The U.N. General Assembly has dictated that the referendum held was illegal; however, what does the mean in action? Before answering that, it is important to note that positive law has overtaken natural law as the predominate view of international law today. Whereas natural law hinged on a higher morality in law, positive law is extremely relativistic and means that “international law [is] no more than what states [are] willing to accept as obligations.”52 Therefore, positive law implies that had the General Assembly not found the action illegal, it would have been legal. Their belief of the situation makes it illegal or legal, there is not higher moral authority guiding the whims of the assembly. Further, positive law inherently implies that if Russia chooses not to bound by International Law, it does not have to as positivism allows it to choose not to accept this as an obligation.

This fact alone points out a lack of substance in the U.N.’s condemnation. Throwing away a proper understanding of natural law has undermined any moral high ground that the West could have taken in this area. Without a higher moral authority on which to make decisions and that provides objective answers to issues, current International Law arguably has no substance and becomes mob rule, relativistic in nature, and is, therefore, not a valid form of law. The further fact that the General Assembly has no effective power on the issue, makes it extremely easy for Russia to disregard any U.N. deliberations on the subject.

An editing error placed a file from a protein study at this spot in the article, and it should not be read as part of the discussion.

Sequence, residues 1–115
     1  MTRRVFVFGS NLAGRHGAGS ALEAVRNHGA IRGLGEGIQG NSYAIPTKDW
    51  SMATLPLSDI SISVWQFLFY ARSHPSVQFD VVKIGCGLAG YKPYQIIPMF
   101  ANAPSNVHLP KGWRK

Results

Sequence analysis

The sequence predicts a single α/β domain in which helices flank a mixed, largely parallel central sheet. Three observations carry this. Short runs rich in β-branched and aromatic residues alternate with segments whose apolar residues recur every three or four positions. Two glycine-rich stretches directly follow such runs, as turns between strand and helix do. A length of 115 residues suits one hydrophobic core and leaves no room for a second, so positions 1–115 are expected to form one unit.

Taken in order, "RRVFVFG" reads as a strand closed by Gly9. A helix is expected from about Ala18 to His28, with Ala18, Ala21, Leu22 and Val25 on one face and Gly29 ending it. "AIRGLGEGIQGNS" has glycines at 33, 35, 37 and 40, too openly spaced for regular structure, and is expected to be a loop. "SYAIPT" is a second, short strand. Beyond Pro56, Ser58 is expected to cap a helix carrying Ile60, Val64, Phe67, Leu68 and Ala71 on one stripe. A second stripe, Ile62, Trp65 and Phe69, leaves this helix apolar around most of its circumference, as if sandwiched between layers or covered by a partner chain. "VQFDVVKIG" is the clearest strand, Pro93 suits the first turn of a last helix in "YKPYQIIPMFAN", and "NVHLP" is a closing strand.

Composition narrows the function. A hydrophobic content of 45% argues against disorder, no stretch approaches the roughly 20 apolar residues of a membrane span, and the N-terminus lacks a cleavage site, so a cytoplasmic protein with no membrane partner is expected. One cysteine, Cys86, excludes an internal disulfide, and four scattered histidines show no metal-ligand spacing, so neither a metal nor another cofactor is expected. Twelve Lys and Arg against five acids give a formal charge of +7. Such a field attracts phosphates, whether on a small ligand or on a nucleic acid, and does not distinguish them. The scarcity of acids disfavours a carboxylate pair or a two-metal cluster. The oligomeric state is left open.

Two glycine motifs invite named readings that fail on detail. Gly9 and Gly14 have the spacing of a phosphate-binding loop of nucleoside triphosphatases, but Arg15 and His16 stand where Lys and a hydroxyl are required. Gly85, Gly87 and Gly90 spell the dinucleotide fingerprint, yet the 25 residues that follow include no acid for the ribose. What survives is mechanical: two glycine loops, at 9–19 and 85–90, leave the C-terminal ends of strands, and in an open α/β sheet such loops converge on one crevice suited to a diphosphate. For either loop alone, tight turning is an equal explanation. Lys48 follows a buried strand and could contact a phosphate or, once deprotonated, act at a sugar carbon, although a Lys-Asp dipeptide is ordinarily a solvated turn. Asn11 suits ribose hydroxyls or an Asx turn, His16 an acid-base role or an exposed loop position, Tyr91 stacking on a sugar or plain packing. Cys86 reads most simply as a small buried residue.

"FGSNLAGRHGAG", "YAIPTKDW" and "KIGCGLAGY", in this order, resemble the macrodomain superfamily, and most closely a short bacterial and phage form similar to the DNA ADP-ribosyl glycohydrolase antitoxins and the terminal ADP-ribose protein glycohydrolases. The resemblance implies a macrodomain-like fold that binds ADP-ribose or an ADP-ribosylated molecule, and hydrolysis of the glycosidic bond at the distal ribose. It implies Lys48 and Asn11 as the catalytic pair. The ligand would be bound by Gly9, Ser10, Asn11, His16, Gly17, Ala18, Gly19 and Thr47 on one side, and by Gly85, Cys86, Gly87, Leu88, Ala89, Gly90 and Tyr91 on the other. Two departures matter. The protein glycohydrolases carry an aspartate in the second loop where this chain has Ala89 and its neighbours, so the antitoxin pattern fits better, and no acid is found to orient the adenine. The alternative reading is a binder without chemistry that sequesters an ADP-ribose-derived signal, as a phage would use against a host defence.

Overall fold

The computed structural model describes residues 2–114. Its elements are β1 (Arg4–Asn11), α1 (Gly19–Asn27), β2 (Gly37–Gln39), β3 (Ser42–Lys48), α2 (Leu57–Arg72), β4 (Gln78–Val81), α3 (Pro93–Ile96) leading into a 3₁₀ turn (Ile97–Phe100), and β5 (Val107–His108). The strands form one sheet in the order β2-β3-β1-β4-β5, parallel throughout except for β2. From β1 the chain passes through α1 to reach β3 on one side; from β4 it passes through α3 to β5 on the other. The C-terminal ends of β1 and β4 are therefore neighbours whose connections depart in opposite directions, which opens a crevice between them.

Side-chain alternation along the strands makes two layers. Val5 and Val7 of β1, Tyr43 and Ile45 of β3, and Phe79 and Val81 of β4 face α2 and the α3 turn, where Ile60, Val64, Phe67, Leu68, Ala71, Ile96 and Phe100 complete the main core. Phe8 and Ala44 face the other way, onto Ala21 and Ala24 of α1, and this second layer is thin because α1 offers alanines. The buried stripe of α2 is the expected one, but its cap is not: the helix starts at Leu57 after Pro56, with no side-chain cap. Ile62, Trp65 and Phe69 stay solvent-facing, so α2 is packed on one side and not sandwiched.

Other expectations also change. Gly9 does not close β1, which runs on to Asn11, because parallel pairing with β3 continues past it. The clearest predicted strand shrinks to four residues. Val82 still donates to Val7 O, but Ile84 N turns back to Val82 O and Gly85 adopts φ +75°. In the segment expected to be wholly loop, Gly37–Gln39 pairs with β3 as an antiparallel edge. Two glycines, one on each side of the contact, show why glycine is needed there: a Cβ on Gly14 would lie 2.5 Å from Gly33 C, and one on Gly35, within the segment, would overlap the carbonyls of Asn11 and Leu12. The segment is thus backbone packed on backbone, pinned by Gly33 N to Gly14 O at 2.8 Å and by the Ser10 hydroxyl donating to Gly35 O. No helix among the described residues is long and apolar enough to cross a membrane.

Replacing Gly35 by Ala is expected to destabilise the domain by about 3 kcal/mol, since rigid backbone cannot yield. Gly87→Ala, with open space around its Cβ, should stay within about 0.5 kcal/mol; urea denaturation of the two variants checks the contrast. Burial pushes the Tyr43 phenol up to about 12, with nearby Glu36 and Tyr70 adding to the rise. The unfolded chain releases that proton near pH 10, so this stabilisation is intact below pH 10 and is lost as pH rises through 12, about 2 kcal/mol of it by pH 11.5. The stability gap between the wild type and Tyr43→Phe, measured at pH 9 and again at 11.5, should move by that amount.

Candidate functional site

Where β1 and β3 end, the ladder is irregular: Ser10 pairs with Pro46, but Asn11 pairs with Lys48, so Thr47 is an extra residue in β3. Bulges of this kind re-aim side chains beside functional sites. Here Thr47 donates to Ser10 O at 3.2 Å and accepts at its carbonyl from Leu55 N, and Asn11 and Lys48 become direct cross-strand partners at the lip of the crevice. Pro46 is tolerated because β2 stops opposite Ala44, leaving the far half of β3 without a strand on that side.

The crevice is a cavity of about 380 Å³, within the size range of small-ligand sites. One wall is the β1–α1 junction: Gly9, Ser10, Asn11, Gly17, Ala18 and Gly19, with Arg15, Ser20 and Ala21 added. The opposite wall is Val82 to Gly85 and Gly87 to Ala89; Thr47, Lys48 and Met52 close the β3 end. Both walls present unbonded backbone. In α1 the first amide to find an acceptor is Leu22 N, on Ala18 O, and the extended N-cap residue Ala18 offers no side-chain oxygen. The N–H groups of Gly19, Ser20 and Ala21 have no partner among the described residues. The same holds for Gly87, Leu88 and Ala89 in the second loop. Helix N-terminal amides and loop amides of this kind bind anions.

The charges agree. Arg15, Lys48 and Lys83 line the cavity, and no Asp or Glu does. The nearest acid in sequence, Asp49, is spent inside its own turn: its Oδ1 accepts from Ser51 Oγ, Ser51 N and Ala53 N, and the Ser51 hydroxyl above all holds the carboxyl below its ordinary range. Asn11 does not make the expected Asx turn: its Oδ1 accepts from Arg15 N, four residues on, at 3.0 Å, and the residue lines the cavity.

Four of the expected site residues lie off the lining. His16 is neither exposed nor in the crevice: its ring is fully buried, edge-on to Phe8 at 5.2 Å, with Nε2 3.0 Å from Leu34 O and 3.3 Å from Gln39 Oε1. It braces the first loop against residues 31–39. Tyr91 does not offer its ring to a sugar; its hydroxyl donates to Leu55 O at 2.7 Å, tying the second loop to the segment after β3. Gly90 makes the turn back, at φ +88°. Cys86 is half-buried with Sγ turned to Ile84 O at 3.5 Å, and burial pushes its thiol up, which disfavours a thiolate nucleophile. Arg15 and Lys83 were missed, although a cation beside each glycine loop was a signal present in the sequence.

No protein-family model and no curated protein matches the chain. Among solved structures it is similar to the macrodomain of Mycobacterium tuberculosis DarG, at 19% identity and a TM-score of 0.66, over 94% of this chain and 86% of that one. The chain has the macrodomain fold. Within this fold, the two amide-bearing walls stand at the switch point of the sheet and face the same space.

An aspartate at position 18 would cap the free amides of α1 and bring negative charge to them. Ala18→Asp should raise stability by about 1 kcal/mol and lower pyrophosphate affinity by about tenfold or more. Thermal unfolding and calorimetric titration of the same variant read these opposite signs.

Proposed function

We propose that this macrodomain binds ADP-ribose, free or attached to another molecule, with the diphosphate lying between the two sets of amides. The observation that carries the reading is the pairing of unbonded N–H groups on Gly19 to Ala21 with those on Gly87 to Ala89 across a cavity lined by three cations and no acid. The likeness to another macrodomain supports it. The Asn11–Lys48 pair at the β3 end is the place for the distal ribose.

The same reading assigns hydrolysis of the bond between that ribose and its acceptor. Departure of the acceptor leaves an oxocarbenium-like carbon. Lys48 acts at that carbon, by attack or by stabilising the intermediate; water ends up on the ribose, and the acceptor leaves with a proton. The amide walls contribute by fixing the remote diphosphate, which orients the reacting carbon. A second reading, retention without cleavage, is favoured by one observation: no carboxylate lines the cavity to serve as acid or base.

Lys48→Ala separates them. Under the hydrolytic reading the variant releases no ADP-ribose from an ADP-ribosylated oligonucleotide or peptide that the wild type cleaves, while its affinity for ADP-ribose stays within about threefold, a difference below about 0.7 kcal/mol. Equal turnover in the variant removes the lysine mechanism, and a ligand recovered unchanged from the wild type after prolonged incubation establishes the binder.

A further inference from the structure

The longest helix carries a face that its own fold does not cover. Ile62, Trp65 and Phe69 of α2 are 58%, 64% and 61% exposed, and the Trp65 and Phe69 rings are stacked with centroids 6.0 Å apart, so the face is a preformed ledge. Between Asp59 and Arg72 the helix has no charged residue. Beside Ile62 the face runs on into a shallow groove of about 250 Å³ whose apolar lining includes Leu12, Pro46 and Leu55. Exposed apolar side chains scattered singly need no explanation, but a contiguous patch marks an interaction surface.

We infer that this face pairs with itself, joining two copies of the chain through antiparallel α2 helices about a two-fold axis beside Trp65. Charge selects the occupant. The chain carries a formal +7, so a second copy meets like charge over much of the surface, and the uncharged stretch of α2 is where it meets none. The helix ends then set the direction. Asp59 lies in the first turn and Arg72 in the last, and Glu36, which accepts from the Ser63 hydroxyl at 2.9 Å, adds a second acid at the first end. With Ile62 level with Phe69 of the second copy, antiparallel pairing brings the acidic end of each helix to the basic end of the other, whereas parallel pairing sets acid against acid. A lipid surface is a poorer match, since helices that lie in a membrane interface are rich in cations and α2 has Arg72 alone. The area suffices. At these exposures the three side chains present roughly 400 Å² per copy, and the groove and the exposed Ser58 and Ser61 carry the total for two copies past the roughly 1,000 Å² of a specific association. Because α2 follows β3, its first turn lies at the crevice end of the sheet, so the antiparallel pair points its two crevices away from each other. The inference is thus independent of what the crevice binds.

To bring this point home, consider the following. The elections of Crimea were democratic elections; the people of Crimea voted to peacefully leave Ukraine. Isn’t it arbitrary for nations like the U.S. and the U.N.’s General Assembly to, on one hand, promote democracy as the most ideal form of government and then, on the other hand, deem that a democratic election, the demonstration of the Crimean people’s will, is illegal and void? This brings up the important question of democracy’s role in government, but that is a question for another time.